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Spain may be missing Rafael Nadal for this week’s Davis Cup semi-final but their price to beat France now looks a good one.
Had John Isner and Jack Sock been available for the US, they would surely have been considerably shorter than 10/3 to win this tie. However, the Americans will have to deal with the loss of their best claycourt player – Isner’s wife is due to give birth any day now – and one who just a few days ago won a Grand Slam doubles title. The duo’s absence also appears to have had a knock-on effect for Sam Querrey. Now needed for doubles duty, he has been left out of Friday’s singles in favour of debutant Frances Tiafoe. He and Mike Bryan should still be able to form a decent enough doubles team but they will be up against an arguably better one in Mate Pavic and Ivan Dodig. USA will surely need the doubles with Marin Cilic and Borna Coric both looking better equipped for the clay surface than their American counterparts. Yes, Cilic faces a pretty quick readjustment after his run to the US Open quarter-finals on hardcourts but I still think the hosts have the better quality and I doubt the visitors will be able to get a singles point on the board on Friday, a scenario which would leave them in deep trouble.
Even more than the other semi-final, those not in attendance could have a significant impact on the outcome. I suspect Spain would have been favourites had Rafael Nadal been in their line-up but he withdrew following the injury he sustained in his US Open semi-final. The visitors’ odds are now out at 21/10 and they could be worth a play at that price. Holders France will hope their surface choice of Rebound Ace Synpave – a medium-paced court, according to official ratings – will help them prevail against clay-loving opposition but none of their players is in sparkling form. They are also unable to call upon their established doubles pair of Nicolas Mahut and Pierre-Hugues Herbert – the latter is injured. Julien Benneteau will likely step in but Feliciano Lopez and Marcel Granollers will be a tough team to beat. In singles, Spain have both Pablo Carreno Busta and Roberto Bautista Agut – experienced top-30 players, who can play on hardcourts, while Lopez could well get the nod at some stage given his propensity for faster conditions. France put their reputation of mental fragility to one side last year to win the trophy but I still don’t see true reliability in their ranks and so Spain, at the price, look worth a play.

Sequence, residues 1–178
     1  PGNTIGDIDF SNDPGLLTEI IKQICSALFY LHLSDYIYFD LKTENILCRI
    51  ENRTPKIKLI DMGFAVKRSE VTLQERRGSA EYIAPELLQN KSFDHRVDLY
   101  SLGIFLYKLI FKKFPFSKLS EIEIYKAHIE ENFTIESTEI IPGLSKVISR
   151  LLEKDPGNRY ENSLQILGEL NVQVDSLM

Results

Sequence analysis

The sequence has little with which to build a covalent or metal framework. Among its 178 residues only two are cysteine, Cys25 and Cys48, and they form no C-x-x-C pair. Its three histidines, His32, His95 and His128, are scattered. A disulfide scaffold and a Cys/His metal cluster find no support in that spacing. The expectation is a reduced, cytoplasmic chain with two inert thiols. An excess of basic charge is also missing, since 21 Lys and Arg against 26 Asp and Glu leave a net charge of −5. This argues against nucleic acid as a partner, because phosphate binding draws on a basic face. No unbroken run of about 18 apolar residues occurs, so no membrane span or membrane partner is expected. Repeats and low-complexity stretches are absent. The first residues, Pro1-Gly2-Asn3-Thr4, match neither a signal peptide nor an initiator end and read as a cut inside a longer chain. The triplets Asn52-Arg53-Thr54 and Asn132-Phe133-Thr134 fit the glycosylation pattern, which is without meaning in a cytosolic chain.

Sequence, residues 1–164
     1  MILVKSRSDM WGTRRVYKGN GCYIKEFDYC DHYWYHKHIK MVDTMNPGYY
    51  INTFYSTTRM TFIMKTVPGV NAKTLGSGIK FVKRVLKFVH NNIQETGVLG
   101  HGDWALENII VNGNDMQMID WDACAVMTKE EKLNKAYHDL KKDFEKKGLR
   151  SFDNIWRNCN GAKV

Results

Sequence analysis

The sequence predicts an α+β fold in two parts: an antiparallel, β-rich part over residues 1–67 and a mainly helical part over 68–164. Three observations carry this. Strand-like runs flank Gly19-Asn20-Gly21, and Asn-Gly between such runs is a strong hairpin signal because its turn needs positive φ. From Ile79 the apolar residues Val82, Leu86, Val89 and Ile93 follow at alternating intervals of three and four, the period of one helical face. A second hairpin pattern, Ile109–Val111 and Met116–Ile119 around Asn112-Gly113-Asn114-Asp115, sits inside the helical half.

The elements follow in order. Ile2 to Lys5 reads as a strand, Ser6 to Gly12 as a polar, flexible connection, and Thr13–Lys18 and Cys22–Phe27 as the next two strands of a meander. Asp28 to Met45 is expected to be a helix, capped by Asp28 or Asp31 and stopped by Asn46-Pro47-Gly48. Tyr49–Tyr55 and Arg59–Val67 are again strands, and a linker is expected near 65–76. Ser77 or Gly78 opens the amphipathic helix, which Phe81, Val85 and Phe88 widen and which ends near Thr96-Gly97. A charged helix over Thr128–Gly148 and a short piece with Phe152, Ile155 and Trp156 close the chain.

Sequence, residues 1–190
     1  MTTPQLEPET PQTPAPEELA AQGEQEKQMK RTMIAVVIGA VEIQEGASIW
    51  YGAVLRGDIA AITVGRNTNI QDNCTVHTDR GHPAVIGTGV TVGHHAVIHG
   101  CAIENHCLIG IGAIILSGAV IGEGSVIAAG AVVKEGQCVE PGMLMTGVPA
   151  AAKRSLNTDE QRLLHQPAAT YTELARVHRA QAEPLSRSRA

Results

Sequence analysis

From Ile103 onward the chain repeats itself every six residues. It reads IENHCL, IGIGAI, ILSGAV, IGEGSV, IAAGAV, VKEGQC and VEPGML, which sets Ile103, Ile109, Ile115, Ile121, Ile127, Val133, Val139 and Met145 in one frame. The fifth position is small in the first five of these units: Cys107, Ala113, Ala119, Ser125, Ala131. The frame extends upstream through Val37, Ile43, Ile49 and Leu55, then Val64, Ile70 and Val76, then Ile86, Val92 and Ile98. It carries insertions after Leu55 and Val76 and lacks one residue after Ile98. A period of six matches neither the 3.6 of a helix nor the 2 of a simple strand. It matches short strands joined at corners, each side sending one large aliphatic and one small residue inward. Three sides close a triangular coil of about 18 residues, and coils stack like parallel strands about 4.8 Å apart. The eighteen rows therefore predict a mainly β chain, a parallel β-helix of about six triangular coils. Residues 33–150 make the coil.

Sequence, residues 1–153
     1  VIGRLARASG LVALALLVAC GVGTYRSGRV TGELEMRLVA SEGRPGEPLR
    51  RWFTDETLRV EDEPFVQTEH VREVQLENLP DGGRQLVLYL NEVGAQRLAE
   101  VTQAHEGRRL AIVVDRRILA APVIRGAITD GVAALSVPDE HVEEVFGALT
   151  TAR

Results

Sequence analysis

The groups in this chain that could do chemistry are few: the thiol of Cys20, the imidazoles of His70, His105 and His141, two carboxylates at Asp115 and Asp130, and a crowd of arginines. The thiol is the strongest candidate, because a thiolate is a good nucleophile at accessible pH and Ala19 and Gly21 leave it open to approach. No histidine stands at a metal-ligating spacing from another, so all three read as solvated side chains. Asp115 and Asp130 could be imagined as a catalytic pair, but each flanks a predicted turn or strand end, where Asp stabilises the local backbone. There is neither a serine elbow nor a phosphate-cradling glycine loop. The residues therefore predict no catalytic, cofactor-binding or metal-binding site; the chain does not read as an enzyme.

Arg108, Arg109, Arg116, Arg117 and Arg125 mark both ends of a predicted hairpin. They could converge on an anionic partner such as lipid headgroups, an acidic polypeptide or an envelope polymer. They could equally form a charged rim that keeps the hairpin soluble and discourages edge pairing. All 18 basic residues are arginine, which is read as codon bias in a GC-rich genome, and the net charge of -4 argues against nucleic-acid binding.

This was supposed to be a relegation play-off for GB following their first-round defeat to Spain but the only thing resting on it now, following the competition’s forthcoming revamp, is a seeding for February’s new qualifying round. Unlike the hosts, Uzbekistan need to win to guarantee their spot in those qualifiers but even if they lose they could still get in on ranking, so this may not be the most enthralling of ties. GB will be missing both Andy Murray and Kyle Edmund and in fact the Uzbeks, who have tried and failed to win at this stage no fewer than nine times in the past, will boast the tie’s highest-ranked singles player in Denis Istomin. He’ll need to win his two singles matches but that’s more than possible. However, the visitors have no other player inside the top 400 so Cameron Norrie should beat whoever he plays on the opening day, while the doubles is surely GB’s for the taking given they have two of the world’s top 25 at their disposal in Jamie Murray and Dom Inglot. For there to be an upset, I suspect Uzbekistan would need to win both Sunday singles, including a fifth rubber for which I’d envisage the more experienced Dan Evans getting the nod ahead of Jay Clarke. Evans has some decent form on the Challenger Tour and should prevail. GB are clearly favourites but the Uzbeks are not without hope and could offer a spot of value if they are chalked up at a big price.
Spain to beat France at 21/10